According to the Wall Street Journal, the U.S. military is joining with border-patrol officials in a new initiative that could bring surveillance blimps previously used on the battlefields of Afghanistan to the U.S.-Mexico border. U.S. officials hope that the 72-foot-long blimp, known as “the floating eye” among troops in Afghanistan, will help find drug runners and illegal immigrants along the border.
The military will oversee a test in south Texas to determine the blimp’s potential in an effort to establish a high-tech border surveillance network. The plan, if successful, will enable expensive military hardware to remain useful even upon troops’ return from Afghanistan.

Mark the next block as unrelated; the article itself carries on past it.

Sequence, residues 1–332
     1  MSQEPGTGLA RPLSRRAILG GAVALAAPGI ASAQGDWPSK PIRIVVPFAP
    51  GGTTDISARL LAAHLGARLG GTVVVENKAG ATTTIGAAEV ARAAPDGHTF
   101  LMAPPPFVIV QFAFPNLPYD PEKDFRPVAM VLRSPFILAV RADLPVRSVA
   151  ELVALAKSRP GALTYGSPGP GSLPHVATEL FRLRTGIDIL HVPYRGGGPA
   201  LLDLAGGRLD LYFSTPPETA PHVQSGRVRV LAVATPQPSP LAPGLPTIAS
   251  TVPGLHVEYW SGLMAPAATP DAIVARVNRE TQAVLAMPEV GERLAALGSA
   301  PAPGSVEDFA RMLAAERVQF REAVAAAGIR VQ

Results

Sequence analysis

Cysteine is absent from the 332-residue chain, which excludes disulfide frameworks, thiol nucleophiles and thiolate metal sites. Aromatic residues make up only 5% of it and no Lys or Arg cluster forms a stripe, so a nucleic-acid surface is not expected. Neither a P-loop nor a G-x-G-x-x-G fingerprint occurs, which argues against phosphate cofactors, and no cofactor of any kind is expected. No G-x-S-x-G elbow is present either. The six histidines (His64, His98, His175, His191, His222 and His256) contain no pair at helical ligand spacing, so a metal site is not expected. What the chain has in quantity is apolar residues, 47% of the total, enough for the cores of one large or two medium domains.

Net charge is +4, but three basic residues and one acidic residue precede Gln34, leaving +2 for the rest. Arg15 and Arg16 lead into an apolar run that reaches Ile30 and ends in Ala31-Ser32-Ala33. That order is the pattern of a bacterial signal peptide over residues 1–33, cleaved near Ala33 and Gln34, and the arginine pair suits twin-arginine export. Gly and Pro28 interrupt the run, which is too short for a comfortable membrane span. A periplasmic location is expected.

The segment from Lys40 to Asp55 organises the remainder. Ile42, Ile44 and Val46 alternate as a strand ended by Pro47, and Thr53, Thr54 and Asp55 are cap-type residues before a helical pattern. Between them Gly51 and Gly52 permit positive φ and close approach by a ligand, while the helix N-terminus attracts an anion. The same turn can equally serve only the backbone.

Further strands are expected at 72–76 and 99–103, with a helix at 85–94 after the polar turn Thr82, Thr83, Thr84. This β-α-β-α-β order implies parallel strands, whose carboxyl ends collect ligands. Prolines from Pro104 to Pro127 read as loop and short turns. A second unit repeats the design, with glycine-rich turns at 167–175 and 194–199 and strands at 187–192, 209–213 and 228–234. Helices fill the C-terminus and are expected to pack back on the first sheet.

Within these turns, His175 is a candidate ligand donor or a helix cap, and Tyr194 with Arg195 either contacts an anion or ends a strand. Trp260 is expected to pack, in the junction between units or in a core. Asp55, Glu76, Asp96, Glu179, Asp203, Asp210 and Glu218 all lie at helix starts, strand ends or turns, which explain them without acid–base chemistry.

Border officials are also exploring more than 100 other types of military gear, including hand-held instant-translation devices and highly sensitive sensors. However, the Department of Homeland Security is wary of costly mistakes in electronic border surveillance, as illustrated by its decision last year to cancel the billion-dollar SBInet initiative.
According to Mark Borkowski, assistant commissioner at the U.S. Customs and Border Protection Office of Technology Innovation and Acquisition, the U.S. military is offering the surveillance drones to border officials free of charge. Homeland Security stands to gain other surplus gear worth $27 million if the tests are successful.